The Continuity group had to devise a plan that would meet the needs of the students leaving campus, the approximately 100 students remaining on campus and the staff and faculty transitioning to remote learning.

The group tackled a range of issues including dining, facilities, transportation plans for evacuating campus, campus safety and security, moving students into selected residence halls, setting up buildings to use for potential quarantining, managing items students left behind, monitoring access of campus buildings, centralizing mail and supporting faculty and staff with leave issues, work from home arrangements and a pay differential program for staff who took on certain jobs.

The biggest priority of the College was to maintain the best health practices as campus transitioned to remote learning. As such, much of the operational decisions were dependent on health guidance Flynn gathered with fellow health-care providers in the region and state. 

“This obviously involved us rethinking everything we knew about providing medical care,” Flynn said.

One key issue the health center faced was the nationwide shortage of personal protective equipment (PPE), which limited the College’s ability to safely treat students. In response, the College took steps to limit on-campus interpersonal contact as much as possible. For instance, the health center switched to phone-call appointments instead of face-to-face visits.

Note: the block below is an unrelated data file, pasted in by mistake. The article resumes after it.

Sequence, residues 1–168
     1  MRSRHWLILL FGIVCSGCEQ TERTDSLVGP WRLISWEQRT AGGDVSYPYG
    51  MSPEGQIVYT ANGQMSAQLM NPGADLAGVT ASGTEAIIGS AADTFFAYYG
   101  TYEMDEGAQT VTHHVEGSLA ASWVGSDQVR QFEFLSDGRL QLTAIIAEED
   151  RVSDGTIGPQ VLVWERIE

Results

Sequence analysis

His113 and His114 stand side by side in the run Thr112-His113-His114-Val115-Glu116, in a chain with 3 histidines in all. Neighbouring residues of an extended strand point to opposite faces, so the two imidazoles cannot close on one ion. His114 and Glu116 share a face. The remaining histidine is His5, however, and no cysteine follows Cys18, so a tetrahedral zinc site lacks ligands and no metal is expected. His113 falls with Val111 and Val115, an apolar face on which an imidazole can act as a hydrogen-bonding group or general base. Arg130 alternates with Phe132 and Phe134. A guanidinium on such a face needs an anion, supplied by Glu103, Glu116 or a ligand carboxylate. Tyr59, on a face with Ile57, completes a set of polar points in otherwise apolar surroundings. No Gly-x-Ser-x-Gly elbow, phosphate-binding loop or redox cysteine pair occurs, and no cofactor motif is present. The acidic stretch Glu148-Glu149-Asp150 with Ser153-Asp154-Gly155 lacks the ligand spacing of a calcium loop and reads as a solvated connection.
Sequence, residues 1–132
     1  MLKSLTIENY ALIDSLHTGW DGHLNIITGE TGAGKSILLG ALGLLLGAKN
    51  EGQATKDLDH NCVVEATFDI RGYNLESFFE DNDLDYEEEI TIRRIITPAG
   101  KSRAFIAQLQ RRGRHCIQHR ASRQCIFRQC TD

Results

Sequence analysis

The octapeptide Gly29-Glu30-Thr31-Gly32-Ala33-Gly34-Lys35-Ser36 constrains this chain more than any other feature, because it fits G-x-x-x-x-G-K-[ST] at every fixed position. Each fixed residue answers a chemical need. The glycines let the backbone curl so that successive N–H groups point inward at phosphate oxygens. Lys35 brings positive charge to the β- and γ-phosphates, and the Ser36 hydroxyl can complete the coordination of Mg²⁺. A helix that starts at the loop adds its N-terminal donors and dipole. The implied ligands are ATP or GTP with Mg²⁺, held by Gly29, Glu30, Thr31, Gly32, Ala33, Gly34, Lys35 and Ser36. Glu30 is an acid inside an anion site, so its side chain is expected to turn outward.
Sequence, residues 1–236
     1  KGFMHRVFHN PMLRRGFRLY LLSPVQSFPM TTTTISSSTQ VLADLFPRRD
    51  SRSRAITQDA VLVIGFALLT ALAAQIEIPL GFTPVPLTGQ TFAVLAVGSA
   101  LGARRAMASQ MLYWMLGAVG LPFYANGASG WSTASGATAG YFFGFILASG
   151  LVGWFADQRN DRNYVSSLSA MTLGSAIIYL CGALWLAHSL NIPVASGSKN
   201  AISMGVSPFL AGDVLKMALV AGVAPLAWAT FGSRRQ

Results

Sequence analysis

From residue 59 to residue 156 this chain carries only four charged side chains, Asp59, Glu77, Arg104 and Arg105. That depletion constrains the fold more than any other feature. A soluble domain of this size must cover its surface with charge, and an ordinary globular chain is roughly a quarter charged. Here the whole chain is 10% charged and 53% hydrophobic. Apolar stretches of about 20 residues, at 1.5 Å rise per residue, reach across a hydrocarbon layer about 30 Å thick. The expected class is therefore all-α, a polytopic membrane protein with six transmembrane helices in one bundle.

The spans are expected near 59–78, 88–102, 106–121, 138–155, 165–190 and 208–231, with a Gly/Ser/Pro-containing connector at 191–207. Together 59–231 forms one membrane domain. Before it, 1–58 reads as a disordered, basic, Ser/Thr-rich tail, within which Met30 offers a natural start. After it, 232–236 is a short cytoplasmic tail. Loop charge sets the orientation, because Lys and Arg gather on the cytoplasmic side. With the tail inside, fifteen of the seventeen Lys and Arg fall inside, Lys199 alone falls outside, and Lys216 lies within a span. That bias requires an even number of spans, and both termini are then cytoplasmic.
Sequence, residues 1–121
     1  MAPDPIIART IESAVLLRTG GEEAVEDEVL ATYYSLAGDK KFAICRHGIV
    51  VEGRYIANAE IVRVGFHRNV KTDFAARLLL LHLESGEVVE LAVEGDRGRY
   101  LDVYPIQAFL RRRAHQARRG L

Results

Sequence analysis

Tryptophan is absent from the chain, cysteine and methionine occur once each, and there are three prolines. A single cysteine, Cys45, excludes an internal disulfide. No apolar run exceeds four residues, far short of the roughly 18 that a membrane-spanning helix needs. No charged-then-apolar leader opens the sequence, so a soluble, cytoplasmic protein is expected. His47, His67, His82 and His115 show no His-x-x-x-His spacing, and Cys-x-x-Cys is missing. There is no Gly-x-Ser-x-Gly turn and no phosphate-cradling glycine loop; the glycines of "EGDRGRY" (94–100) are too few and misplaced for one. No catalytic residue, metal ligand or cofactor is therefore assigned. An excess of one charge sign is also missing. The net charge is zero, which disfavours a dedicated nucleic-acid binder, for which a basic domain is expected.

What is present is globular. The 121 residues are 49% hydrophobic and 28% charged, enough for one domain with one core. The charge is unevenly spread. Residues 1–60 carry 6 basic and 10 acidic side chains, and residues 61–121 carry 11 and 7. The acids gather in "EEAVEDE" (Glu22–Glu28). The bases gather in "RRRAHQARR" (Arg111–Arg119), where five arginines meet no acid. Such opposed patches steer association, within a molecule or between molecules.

Director of the Office of Student Life Doug Schiazza worked on the housing side of the transition. Most students had to leave campus over a period of just a few days, which was a logistical challenge for many. Schiazza communicated the protocol for leaving campus with the student body, trying to help students coordinate travel costs with Financial Aid and distributing funds where necessary. He was also part of the decision to delay housing lotteries for the fall. 

 “I think that students are probably stressed enough right now, so we can maybe alleviate that by not having the lotteries for the moment,” Schiazza said.

Working with the Library, the Dean’s Office and Financial Aid, the Office of Information Technology (OIT) focused on ensuring that students had sufficient access to the technology needed for remote learning. 

“Not only did we loan a lot of computers and technology to students, we also worked with many individuals to make sure they had internet access,” said Barron Koralesky, the Chief Information Officer at OIT. “This was a real challenge — in rural America and across the world, internet access is not equitably distributed,” Koralesky added. 

In addition to making sure everyone had access to broadly-used technology like Microsoft Office and the Adobe Suite, OIT also worked individually with students and faculty to get them the tools that they need for specific classes. 

“This was really hard given all the time zones, people, technology and the things we can do on campus that we can’t do off campus,” Koralesky said.